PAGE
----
Louis CK is one of those comedians who “looks familiar”. You’re more likely to know him from Parks and Recreation, than his stand up comedy where he has quietly built a huge fan base. However, while I’ve become a fan of the jokes, it’s the business side of Louis CK that got me hooked.
Like any stand up comic, Louis CK has hosted several comedy specials on networks such as HBO, Showtime and Comedy Central. It was his fourth event that changed everything. He decided to produce his own special “Live at the Beacon Theatre” and then offer it on his website at the price of only $5. Typically, these would be sold in stores for at least $20.
A lot of his friends warned him that the show would become pirated and shared online for free. He told Jimmy Fallon “People told me everyone’s gonna steal it. So I just wrote a note that said please don’t do that … And they didn’t.”
The result was amazing. In just a matter of days, the sale earned him over a million dollars and that number continues to grow.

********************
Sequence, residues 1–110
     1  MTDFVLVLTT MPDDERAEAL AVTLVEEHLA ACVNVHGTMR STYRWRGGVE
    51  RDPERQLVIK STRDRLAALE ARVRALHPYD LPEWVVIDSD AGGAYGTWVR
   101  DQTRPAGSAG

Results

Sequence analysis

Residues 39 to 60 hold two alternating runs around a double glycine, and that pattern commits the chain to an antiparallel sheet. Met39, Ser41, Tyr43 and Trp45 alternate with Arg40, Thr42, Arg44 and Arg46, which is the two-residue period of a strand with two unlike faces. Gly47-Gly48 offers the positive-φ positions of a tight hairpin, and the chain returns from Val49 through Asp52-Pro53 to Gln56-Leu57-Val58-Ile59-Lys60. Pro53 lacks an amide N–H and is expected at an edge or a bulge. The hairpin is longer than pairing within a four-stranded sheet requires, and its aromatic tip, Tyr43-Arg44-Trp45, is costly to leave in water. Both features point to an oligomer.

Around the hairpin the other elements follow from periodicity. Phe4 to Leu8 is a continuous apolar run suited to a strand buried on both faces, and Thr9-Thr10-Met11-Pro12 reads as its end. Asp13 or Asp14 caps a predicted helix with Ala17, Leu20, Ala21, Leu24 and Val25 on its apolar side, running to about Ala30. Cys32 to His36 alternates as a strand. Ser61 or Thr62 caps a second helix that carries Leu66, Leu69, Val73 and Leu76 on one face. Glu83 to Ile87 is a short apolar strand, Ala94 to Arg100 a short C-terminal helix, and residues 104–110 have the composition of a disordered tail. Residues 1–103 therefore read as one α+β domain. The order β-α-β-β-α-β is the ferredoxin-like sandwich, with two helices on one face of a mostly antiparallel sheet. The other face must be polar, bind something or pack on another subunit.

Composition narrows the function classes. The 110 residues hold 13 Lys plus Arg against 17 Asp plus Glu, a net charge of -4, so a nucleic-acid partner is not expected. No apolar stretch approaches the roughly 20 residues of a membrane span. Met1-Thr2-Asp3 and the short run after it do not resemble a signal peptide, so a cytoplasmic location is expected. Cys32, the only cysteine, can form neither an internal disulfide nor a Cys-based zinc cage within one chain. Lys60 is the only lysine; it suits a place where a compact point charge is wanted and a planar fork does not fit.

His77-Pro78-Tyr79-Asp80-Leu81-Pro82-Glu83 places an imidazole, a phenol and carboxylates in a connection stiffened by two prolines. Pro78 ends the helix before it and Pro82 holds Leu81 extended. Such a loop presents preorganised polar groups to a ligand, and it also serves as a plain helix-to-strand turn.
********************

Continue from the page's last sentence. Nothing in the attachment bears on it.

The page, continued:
Louis figured he had been paid over and above the value he provided. He decided to repay the money he had invested and keep a fair return. He then announced he would donate over $280,000 to various charities, as well as provide over $250,000 to his staff as bonuses.
From a business and marketing perspective, Louis CK has pulled off the nearly impossible.
He’s successfully sold his show, gained a new dedicated fan base, received plenty of exposure and earned the trust and commitment of his staff.
What can we learn from Louis CK?
1. Can you earn more by selling your product/service at a fair price to many, rather than a high price to few?
2. How can you go direct to the consumer and allow them to share in the benefits of doing so?
3. Would a profit sharing business model create a stronger committment, sense of ownership with your employees?
4. Do you trust your customers? Are you spending a lot of effort and money trying to protect yourself just in case? What if you just trusted them?
5. Are you open and honest with your fan base? What if you shared your costs to produce a product? Would it allow your clients to realize that your price is fair?
More and more, consumers are buying products from people they like. People like to buy from good people. If you start there, you might wake up tomorrow with more money that you expected. It worked for what’s-his-name from whatever show that was. You know, the red headed bald guy.
This is where you can buy Louis CK: Live at the Beacon Theatre. It’s only 5 bucks.